The Bihar government is living up to its promise to confiscate the property of corrupt officials and turn them into primary schools.
That is what happened at the home (picture attached) of former motor vehicle inspector (MVI) Raghuvansh Kunwar at Chaira village in Samastipur district. The government has already begun the process of setting up a primary school there.
Raghuvansh Kunwar was allegedly caught red-handed accepting a bribe of Rs 50,000 when he was the MVI of Aurangabad district on September 24 ,2008. In the course of investigation, vigilance officials found huge unaccounted for wealth. The official said Raghuvansh Kunwar's properties include two plots and a four storey building in Patna's Kankarbagh locality, a house in Chaira, a jeep, Rs 1.94 lakh cash and investments of Rs 8 lakh. "He owns property worth Rs 80 lakh," the official said.
A case of disproportionate assets was subsequently lodged against him in 2009. Raghuvansh Kunwar is not alone as hearings in disproportionate assets cases are under way against 12 government officials of the state. An official said all the cases were likely to be disposed of within the next six months.
While our parliament is still deadlocked over the 2G spectrum scam, it came as music to the people of Bihar, a state which was known for corruption and inefficiency for a very long time, when Nitish Kumar, while addressing the joint session of Assembly last week said that his administration has put in a lot of measures to ensure transparency in the government. Nitish Kumar declared a war against corruption after he became chief minister for the second consecutive term last month. Six special courts -- two each in Patna, Bhagalpur and Muzaffarpur had been constituted by the state government with the permission of the Patna High Court for speedy trial of cases involving a sum of over Rs.25 crore. He has also asked his cabinet members to provide details of their assets online for everyone to see.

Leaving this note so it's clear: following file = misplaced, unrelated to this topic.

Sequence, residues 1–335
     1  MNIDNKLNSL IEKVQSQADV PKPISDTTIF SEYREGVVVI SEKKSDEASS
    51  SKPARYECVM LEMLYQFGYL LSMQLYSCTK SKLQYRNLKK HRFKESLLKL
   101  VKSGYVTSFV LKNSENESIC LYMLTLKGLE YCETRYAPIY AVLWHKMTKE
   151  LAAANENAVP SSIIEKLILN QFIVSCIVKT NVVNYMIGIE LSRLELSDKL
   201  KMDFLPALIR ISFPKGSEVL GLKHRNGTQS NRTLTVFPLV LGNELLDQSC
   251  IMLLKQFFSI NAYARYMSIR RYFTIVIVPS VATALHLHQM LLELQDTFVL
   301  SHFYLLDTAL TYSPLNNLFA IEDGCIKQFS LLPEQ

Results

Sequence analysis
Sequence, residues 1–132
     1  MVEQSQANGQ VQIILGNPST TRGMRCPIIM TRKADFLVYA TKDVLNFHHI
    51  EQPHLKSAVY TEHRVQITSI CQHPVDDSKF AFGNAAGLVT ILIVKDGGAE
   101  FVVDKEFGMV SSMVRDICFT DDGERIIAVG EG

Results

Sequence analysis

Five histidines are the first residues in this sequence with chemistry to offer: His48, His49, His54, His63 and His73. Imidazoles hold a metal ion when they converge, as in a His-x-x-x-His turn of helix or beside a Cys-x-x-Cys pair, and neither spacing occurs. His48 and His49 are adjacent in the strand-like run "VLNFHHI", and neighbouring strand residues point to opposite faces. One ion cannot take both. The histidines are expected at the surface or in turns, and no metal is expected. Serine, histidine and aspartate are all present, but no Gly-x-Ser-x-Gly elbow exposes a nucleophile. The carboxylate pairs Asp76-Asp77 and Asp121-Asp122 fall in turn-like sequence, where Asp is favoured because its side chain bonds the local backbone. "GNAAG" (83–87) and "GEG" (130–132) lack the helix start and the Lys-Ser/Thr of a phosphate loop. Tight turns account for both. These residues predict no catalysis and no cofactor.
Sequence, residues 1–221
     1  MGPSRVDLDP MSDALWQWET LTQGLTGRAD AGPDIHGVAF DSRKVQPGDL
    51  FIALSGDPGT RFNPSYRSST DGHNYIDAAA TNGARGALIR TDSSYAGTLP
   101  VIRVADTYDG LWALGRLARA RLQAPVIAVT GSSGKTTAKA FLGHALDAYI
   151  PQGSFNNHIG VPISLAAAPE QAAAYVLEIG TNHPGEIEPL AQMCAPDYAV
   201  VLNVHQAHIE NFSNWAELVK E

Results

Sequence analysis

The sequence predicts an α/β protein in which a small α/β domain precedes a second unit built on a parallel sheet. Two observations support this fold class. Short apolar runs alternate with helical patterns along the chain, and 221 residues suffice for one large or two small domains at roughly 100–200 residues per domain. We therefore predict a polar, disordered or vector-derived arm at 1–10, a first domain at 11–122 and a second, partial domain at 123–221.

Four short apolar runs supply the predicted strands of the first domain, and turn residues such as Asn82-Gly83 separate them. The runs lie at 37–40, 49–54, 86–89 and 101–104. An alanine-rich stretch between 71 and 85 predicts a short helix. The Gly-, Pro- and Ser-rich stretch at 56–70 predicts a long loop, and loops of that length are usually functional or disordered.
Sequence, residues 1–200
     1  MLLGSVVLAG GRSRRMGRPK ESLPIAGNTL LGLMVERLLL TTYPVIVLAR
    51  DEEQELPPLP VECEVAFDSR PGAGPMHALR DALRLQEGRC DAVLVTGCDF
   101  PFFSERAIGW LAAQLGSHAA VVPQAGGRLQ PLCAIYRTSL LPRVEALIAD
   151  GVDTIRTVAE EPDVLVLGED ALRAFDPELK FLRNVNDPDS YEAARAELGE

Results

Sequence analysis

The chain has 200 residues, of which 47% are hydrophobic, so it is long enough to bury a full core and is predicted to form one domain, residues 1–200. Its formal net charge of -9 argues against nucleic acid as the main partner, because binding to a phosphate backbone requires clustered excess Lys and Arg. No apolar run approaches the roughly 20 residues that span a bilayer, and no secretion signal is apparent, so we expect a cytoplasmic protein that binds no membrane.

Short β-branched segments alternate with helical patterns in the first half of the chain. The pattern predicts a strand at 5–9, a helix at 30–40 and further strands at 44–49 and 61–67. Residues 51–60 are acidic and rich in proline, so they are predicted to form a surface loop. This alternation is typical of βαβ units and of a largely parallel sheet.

On the one hand, while Bihar is struggling to clean the state by going after corrupt politicians and bureaucrats, we also have someone like Anand Kumar in Patna, founder of Super 30, who is working very hard to provide free coaching (including a place to live and food) to 30 students of the economically backward community to prepare them for IIT-JEE, the entrance examination for the Indian Institute of Technology. All the 30 students in 2008, 2009 and 2010 made it to the IIT. After the success of Super 30 and its growing popularity, he got many offers from both, national and international companies - as well as the government for financial help, but he always refused it. He wanted to sustain Super 30 through his own efforts. Anand Kumar has set up an example for everyone to emulate. His name has become so big that he can get a plum position anywhere in the world but he chose to stay in Patna. Instead of just making his own life better, he decided to make the lives of 30 students better every year.
It might take hundreds of corrupt politicians and bureaucrats to give the state a dirty name but only a handful of people with good and honest intentions are required to fix it. I was having a phone conversation with one of his IAS secretaries and he told me that Nitish Kumar starts his day at 8 AM and it ends around 10 PM and he has only one thing on his mind '“ the development of Bihar. A very close advisor to Nitish Kumar said that the corrupt bureaucrats are scared to see Nitish even in their dream. Let us hope that there are more Nitish Kumar's in the country and this model can be replicated in other states.